Far be it from me to quibble when the Indianapolis Star actually engages in journalism. And it did so last Sunday, twice on the front page (!)–with a report on charter schools (they get more money per pupil than public schools, and on average perform more poorly. I know, it’s a shock…) and a lengthy and informative piece on the pros and cons of the Justice Center proposal.
Kudos on actually digging in and reporting on matters that should concern taxpayers.
That said, the report on the Justice Center missed a pretty critical issue: its design. IBJ columnist Bruce Race has been all over this, as has IndyCan, a local civic group concerned about the impact of the proposed design on criminal justice issues.
Design isn’t just about the way buildings look–although that’s important, too. It’s about the way they function, about what architects call “the program.” In your house, the program addresses things like storage, “flow,” and convenience based upon the way you live. In public buildings, the program needs to take all these things into account, plus the specific ways in which the public entity operates; it also needs to consider the impact of the building or buildings on the city and surrounding neighborhood(s). One reason an earlier proposal to locate the Justice Center at the old airport was so roundly criticized wasn’t just that it would have been incredibly inconvenient for the people most likely to use it, but that the location would have had a substantial, negative effect on occupancy of office buildings in the downtown core, and on the vitality of a downtown we’ve spent years and billions of dollars reinvigorating.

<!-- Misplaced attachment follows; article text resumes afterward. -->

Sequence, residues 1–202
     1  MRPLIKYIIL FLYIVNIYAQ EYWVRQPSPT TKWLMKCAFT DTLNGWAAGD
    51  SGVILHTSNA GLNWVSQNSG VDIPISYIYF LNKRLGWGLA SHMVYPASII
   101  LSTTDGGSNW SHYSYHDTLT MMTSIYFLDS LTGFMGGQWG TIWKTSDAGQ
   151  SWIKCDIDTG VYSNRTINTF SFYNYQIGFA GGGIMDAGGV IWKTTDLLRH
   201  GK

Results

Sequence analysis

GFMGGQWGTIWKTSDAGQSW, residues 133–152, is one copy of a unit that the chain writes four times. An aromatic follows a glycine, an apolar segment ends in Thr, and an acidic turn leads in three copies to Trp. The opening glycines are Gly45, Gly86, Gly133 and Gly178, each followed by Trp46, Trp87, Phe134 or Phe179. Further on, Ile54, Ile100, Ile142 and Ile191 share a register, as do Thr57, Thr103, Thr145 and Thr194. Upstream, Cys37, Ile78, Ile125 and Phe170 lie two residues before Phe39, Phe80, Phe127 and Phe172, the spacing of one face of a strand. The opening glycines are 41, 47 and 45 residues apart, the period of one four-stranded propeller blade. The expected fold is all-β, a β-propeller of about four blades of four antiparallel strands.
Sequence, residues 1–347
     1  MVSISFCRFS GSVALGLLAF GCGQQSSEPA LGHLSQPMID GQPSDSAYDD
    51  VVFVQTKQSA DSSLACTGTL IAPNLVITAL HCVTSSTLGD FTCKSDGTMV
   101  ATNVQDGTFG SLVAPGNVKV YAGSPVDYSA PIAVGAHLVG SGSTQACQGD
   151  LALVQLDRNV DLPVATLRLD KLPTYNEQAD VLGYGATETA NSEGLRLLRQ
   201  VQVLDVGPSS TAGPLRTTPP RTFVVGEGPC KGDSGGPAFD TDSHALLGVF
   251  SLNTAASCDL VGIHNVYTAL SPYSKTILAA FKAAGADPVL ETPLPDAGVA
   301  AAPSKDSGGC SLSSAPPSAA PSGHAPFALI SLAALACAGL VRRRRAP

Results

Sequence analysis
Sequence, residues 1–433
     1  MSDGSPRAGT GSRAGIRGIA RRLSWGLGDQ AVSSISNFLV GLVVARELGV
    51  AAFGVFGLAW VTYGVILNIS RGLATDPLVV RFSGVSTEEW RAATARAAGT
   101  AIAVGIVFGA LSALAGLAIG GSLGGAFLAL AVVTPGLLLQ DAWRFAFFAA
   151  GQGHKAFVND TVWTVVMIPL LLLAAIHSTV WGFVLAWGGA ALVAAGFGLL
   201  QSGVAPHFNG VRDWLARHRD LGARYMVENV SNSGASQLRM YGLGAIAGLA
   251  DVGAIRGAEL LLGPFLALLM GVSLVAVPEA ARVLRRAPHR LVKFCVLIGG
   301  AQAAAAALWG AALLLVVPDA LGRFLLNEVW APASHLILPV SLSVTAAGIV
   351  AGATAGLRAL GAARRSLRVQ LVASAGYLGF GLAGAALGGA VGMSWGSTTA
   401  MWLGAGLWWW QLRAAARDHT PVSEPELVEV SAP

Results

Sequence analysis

We need a Justice Center. But it needs to be thoughtfully designed to complement our long-term strategy for downtown, to integrate court and jail functions in the most seamless possible fashion, and to enhance the aesthetics of the surrounding area.
I’ve previously raised concerns about the financing mechanism, the secrecy of the process, and the nature of the incentives involved (the Administration says that placing responsibility for long-term maintenance on the developer will encourage the use of better materials, but it’s just as likely to encourage corner-cutting decisions made for the convenience of the developer rather than the public tenants). And what happens if–after obtaining payment for the construction phase– the developer defaults? (Toll Road, anyone?) What are our options?
My point is not that the deal is a bad one. My point is: we don’t know.
A deal this complex and expensive, intended to span this long a time-frame, needs to be done right. That means it needs to be thoroughly vetted by all stakeholders. I get suspicious when we’re given a short window within which to commit vast amounts of public money, and when the purported need for speed is based upon dark warnings that we need to move quickly in order to “lock in” benefits we aren’t even sure are there.
We can’t afford another parking meter giveaway.